This is not surprising but yet again having research to support is useful and instructive – particularly around mum’s who drink and the impact that has in terms of role-modelling.

Edited to add 25th June 2016:

Alcohol – who is drinking or drunk age 11?

Child of our Time editor, Professor Yvonne Kelly was among a group of experts looking at drinking behaviour across the life course this week. She presented her recent thought-provoking work on 11 year-olds and drinking at a seminar for policy makers and third sector workers on alcohol and health,  organised by the ESRC International Centre for Lifecourse Studies at UCL | Child of our time Blog, UK

The seduction of the drinks industry

Alcohol_by_CountryThis was an excellent interview with Professor David Nutt in March looking at the seduction of the drinks industry.  The diagram to the left is the recorded alcohol by capita consumption in litres of pure alcohol and as you can see the UK is one of the highest.

You’re waking up at midday. You’ve been sleeping off the antics of last night, in which there was undeniably a lot of alcohol involved. Facebook and Snapchat have begun heralding relics of the night that you failed to commit to memory. Your friends will soon be helping you piece together the rest with embarrassing stories, and a good laugh will be had by all. We know drinking gets us in trouble, and it’ll do so again. But maybe we need to have a serious look at it.

“People know it’s dangerous, I don’t think they know how dangerous it is.” David Nutt is a professor of Neuropsychopharmacology at Imperial College London. Aside from his research into the neural circuitry involved in anxiety and addiction, Nutt spends a lot of time on public outreach, giving lectures and media broadcasts. He aims to set the record straight about the evidence on drug and alcohol use – evidence and not exaggeration as he is clear to point out. “There’s new data which shows that alcohol is the leading cause of death in men under the age of 50.” Nutt continues. “And it’s going to be the leading cause of death for women as well. The first thing [people] need to know is that it is dangerous.”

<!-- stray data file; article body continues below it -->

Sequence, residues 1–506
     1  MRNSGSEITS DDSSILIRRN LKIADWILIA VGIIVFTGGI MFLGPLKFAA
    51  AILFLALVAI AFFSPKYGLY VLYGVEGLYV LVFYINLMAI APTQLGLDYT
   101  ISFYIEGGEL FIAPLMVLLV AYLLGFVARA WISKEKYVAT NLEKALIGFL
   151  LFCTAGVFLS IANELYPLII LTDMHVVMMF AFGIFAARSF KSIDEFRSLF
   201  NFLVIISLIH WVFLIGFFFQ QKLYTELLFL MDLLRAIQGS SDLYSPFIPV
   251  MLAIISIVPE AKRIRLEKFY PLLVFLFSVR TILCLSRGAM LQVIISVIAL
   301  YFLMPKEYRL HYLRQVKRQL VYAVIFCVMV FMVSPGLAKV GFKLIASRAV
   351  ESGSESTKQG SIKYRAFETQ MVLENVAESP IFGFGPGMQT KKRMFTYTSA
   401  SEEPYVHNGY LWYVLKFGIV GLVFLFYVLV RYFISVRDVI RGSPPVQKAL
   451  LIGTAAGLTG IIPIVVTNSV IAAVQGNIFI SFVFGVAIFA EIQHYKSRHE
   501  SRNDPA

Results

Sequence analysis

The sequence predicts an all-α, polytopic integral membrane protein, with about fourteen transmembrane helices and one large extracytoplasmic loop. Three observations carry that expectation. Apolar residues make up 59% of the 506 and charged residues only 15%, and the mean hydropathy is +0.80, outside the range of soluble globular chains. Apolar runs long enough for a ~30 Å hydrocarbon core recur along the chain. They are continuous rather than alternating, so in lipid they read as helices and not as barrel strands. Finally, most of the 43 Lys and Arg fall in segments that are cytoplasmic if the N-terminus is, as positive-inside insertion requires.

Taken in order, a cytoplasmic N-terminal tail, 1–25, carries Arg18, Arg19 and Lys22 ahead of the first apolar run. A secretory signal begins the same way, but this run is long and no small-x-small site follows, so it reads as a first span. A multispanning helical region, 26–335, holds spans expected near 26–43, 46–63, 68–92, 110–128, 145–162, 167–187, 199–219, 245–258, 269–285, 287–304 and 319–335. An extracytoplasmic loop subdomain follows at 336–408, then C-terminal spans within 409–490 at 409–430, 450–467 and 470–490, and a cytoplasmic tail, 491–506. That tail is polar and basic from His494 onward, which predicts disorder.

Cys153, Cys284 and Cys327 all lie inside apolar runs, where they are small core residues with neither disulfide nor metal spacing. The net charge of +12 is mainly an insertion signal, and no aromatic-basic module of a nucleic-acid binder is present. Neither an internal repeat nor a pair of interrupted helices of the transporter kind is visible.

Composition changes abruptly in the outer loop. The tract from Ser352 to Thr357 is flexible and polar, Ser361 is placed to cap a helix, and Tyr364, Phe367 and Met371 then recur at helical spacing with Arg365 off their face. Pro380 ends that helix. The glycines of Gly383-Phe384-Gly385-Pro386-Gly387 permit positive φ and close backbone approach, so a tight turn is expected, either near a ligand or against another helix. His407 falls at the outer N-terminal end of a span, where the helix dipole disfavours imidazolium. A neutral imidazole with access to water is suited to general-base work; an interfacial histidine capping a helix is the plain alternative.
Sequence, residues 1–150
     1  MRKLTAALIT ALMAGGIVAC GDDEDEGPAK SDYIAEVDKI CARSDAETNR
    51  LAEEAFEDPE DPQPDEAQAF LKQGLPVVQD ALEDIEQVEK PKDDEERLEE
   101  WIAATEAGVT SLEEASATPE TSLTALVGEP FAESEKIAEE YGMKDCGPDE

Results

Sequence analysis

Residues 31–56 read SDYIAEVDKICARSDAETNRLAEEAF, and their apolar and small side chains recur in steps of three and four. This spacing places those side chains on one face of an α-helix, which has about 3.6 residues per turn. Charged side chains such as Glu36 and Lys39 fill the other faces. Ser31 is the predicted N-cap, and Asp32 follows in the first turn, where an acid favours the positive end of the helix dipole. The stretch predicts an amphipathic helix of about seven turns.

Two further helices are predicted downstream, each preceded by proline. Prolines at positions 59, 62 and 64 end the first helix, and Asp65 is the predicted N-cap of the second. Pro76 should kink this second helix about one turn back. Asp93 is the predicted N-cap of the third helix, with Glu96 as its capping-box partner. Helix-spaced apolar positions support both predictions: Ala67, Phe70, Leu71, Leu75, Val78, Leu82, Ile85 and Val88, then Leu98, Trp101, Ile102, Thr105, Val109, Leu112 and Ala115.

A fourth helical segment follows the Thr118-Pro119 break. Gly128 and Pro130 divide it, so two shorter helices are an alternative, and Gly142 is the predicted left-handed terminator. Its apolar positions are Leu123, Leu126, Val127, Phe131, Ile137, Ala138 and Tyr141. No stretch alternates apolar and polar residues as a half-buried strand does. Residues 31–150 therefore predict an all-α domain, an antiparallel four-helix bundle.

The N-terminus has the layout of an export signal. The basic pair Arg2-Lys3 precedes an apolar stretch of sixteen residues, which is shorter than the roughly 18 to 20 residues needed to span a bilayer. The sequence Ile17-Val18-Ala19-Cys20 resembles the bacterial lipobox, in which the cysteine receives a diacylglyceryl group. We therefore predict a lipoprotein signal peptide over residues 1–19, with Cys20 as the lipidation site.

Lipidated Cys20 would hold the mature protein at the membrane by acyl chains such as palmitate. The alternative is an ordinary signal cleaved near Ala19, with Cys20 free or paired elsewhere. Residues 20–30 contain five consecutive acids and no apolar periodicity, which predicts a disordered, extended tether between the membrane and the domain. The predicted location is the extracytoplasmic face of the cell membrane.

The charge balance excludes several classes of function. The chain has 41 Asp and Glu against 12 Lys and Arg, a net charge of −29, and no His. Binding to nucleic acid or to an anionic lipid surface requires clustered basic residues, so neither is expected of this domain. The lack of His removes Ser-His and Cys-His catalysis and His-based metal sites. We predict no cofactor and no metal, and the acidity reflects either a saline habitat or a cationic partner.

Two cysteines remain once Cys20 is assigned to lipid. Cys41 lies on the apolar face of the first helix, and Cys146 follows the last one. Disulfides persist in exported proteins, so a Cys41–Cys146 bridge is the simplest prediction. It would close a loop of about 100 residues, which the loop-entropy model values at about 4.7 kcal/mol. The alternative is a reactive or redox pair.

Over 87 per cent of the British population drink. A great deal of those will drink to excess, particularly students. What needs to be done to make the dangers more widely understood? Nutt suggests that the sources of our drinking may be much more sinister than previously thought.

“Modern drinking is being essentially subsidised by tax payers. The reason you guys drink more than I drank when I was a student is because in real terms alcohol is a third of the price of what it was when I was at university. And then we drank heavily. Alcohol is disproportionately cheap. And it’s cheap because the drinks industry has lied to us about the harms… and it’s also perpetuated this myth that there’s a lot of benefits from drinking and that’s not true.”

Throughout history, alcohol has been widely prescribed for various medicinal purposes. Brandy for fainting, Guinness for tuberculosis, gin for fevers. Even today, the media frequently produces claims about the benefits of alcohol – protection from cardiovascular disease, Alzheimer’s and diabetes being most popular. On his blog, drugscience.org, Professor Nutt hopes to clear up confusion surrounding these myths by providing drug information supported by the scientific research. “They need to know that they’ve been seduced into drinking by the drinks industry. They’ve been sold this myth that alcohol is almost a necessity in life – the only way you can have fun is through drink… alcohol is the opium of the masses. It’s become a necessity and the access has been made more available. What we’ve got to do is get people to invest in change so alcohol is more expensive and we should be drinking better quality alcohol.”

But how can we even begin changing a drinking culture that’s so firmly ingrained in our social norms? Nutt suggests we need to look no further than the situation across the pond. “The American drinking experiment has been one of the most remarkable health interventions in the world.” Back in the USA in the 1980s, the organisation Mothers Against Drunk Driving (MADD) lobbied the US Department of Transport to increase the drinking age. Slowly, states began increasing their drinking age, until eventually a federal law was passed in 1984 that raised the drinking age across all states to 21. A 2014 review suggests that since the implication of this law, the USA has seen a huge reduction in road traffic accidents linked to alcohol and many lives have been spared as a result.

“The reason that works is because every year you get older you get considerably more sensible”, suggests Nutt. “So the longer you delay people from taking drugs the less damage they get from drinking.”

From current research, the neuroscience behind this phenomenon has been well described. It is thought that in adolescent development, the mesolimbic system has a greater need for reward fulfillment. This comes at a time when the prefrontal cortex is still underdeveloped, thus lowering your ability to make informed decisions. As a result, adolescents are more likely to engage in impulsive behavior and risk-taking. All this considered, Nutt recognises the obvious protestations against raising the legal age. Not least to do with free will. “I can see the arguments against it. I can see if you can go and get blown up in Afghanistan maybe it’s fair that you should drink. I can see the arguments against it, I just think it’s a discussion that needs to be had in a mature way.”